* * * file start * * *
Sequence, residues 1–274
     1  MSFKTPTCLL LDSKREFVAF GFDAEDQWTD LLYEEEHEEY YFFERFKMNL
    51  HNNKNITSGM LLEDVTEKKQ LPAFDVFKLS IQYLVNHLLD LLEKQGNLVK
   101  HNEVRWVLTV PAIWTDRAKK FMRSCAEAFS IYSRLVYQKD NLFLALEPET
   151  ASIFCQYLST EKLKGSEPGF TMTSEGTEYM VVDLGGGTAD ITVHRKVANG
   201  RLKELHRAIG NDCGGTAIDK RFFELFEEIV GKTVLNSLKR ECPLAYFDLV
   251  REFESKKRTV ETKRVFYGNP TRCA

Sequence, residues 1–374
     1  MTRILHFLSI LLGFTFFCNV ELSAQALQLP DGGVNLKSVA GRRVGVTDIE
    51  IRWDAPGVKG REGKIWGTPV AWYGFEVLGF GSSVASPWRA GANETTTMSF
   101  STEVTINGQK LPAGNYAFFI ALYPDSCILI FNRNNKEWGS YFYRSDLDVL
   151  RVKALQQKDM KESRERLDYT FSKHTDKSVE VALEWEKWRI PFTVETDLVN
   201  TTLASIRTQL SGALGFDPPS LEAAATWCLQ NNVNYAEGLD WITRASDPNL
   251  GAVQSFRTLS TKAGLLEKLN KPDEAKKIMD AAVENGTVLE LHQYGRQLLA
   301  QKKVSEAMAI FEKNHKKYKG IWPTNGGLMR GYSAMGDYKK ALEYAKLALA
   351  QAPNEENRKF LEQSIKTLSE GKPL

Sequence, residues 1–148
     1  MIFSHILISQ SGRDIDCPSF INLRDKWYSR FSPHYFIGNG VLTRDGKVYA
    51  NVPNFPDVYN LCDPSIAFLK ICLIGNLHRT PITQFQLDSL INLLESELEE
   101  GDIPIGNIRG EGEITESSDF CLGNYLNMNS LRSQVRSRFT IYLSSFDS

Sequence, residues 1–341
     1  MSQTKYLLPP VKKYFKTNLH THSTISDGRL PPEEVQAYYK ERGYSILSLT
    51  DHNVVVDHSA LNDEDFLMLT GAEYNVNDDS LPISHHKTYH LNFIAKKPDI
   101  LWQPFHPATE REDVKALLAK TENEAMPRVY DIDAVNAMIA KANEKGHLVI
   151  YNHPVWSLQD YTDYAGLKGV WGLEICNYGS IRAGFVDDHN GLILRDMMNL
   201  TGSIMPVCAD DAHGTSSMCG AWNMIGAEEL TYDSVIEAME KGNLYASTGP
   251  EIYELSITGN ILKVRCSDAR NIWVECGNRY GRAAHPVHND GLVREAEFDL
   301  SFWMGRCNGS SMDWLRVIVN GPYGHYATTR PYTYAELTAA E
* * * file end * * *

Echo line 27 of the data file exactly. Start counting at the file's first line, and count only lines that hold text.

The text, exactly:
   251  EIYELSITGN ILKVRCSDAR NIWVECGNRY GRAAHPVHND GLVREAEFDL